Hendrickson was appointed as a judicial member of the BBMP the same year she replaced Judge Persky on the bench. Since that time, Hendrickson has been assigned to family court with BBMP chairpersons and Judge Amber Rosen, DA Rosen’s wife.
Governor Brown appointed Amber Rosen to the bench six months before the recall election.
While acting as BBMP members during the recall, Los Altos Town Crier publishers, Paul Nyberg and his wife, Liz, served on the board of Los Altos based nonprofit, WomenSV.
Ruth Patrick Darlene, WomenSV’s founder, and ties to Cindy Hendrickson were previously reported on by the Vanguard in Parts Three and Four of the Tainted Trials, Tarnished Headlines, Stolen Justice series.
Also in attendance at BBMP meetings during the recall was NBC Bay Area Vice President Johnathan Mitchell and investigative journalist Tony Kovaleski.
As the recall was in full swing, Kovaleski was invited to speak to BBMP members. San Jose Mercury editor Bert Robinson and investigative journalist Robert Salonga also spoke at BBMP meetings during the recall as other local reporters covering the recall were excluded by BBMP customs and practices.
In a letter to Santa Clara County Court General Counsel Lisa Herrick, Orange County attorney Patrick Evans said there appears rather a high probability that litigants’ rights and cases were compromised by secret, “off-record” communications between the judges anointed counsels that were invited to attend BBMP dinner meetings.
“Motive for media special invites appears to be for the judges to control media coverage of cases before them and other matters of public interest that would be media reported,” Evans wrote.
According to Evans, several other attorneys never heard of the BBMP and records declare “members” only, indicating no public announcement, “by invitation only.”
“Clients having cases in Santa Clara County Superior Court (or that had such cases in years past) cannot properly and fully advise and represent their clients, ” Evans wrote to Herrick.
Without the records, counsel cannot know which judges interacted with opposing counsel, or when opposing counsel was entitled to favorable treatment with a special invite to a non-public, secret BBMP event where they could engage in ex parte communications with judicial officers about pending cases, according to Evans.
The Vanguard continues to reach out to BBMP members and attendees as part of this investigation.
One attorney, who wished to remain anonymous over concerns of retaliation, noted that he attended a political forum and noticed only Mercury reporters were present.
“It felt like we were crashing a private event, not attending a public forum with voters and media we typically see during political campaigns,” the attorney said. “After the meeting, Mercury reporter Tracy Kaplan wrote a hit piece on the candidate who had been disfavored by the judges in the meeting. Something about that reporting didn’t feel right.”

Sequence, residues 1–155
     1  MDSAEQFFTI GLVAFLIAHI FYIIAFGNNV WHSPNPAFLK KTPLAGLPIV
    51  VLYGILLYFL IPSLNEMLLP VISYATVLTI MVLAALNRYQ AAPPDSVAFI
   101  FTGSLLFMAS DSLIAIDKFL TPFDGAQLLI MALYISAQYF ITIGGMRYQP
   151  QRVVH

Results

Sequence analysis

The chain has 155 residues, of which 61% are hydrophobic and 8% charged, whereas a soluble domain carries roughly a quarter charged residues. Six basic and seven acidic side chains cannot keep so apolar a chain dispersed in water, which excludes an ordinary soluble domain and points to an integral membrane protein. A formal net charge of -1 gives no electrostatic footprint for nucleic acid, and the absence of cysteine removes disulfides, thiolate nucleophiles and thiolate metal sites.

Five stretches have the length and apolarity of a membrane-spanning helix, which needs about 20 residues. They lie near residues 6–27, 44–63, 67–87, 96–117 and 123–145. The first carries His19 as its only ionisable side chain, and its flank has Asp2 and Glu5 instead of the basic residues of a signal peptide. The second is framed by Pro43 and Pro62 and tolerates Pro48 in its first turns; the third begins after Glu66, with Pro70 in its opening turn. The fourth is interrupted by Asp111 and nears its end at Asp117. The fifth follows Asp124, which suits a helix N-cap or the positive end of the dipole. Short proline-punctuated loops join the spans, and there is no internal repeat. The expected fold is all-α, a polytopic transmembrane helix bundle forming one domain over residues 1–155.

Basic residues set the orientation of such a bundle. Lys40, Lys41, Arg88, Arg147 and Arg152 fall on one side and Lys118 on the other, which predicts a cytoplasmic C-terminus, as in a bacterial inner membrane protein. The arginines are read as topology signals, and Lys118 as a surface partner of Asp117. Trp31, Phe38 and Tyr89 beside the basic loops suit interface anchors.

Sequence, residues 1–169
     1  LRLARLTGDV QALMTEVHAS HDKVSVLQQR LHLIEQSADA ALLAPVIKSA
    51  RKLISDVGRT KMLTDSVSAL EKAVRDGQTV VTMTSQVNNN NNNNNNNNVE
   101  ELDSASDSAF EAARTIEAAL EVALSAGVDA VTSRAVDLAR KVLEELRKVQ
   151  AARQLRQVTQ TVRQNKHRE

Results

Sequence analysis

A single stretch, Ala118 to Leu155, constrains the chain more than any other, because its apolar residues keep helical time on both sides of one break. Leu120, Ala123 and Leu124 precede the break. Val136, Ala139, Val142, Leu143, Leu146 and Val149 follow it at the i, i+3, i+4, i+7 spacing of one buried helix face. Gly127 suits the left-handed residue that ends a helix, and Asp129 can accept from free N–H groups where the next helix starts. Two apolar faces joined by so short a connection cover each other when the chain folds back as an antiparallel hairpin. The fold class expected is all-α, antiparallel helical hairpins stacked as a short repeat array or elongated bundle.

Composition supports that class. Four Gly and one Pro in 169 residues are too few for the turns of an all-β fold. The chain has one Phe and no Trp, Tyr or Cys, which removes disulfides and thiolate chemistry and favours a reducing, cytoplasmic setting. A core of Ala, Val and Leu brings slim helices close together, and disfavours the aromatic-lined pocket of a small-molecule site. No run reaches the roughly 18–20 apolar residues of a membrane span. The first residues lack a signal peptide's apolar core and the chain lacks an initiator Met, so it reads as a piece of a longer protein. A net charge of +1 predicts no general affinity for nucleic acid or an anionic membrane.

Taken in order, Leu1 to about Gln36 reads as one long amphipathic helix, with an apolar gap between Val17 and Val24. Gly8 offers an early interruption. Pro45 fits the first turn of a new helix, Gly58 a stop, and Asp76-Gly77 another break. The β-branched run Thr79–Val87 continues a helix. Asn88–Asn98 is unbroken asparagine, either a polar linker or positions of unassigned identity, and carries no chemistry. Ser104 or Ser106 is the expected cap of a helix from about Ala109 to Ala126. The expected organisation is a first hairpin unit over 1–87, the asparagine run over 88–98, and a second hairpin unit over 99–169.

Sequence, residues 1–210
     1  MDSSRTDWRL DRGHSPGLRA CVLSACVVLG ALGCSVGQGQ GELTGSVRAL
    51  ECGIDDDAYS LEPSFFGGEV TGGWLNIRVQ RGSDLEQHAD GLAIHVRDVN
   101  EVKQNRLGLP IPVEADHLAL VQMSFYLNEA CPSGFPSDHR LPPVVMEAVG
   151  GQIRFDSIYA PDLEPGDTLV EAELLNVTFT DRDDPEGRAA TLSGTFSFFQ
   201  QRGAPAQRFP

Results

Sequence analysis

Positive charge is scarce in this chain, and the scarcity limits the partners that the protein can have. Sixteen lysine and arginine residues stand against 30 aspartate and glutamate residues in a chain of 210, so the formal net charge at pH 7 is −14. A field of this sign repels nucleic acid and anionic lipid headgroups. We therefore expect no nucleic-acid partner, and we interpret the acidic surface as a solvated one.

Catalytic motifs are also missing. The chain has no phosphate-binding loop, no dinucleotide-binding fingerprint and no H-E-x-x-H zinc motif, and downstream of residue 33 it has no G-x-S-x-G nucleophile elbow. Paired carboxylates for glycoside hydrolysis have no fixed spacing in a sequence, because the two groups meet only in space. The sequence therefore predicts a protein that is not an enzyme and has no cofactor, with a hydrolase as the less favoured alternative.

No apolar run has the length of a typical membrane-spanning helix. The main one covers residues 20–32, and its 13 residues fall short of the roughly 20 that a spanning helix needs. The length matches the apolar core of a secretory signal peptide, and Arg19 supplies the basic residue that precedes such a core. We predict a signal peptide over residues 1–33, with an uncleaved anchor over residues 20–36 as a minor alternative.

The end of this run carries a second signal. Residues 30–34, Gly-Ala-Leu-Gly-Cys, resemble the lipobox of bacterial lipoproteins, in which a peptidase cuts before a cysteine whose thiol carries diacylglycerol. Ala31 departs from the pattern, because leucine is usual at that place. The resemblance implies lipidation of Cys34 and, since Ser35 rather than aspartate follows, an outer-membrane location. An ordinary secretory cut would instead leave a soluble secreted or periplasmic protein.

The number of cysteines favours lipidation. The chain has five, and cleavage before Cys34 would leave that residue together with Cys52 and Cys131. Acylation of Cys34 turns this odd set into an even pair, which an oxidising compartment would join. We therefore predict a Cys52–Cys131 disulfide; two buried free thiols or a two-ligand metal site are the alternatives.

Kaplan has been unable to be reached for comment and Mercury editor Burt Robinson has not responded to requests for comment. NBC Bay Area has not provided a statement on its participation in the BBMP.
Judge Invitations to Secret Speakers
The California Supreme Court Committee on Judicial Ethics (CJEO) announced on April 13, that it is drafting a formal opinion outlining what judges should consider when inviting outside speakers and groups to give educational presentations.
The public has until May 29, 2023 to comment on CJEO’s draft which concludes courts may invite outside speakers and groups to provide educational presentations to judges and staff as long as:
- the presentation does not undermine judicial impartiality;
- speakers represent a balance of interests and viewpoints;
- the presentation would not lend judicial prestige to advance the outside speaker’s interests;
- the presentation does not include improper political activity; and
- the outside speaker is not involved, or likely to become involved, in litigation before the court
“Judicial education is critical to a fair and effective judiciary, and the public expects judges to be exposed to a variety of issues having an impact on the courts. To ensure public confidence, outside speakers should reflect a balance of interests and not suggest that any group has special sway over the court,” said committee chair Justice Ron Robie.
Tainted Trials, Tarnished Headlines, Stolen Justice is an ongoing Vanguard investigation. Links to the published series can be found here.
Investigative Reporter and Editor-at-Large, Stephen James, contributed to this report.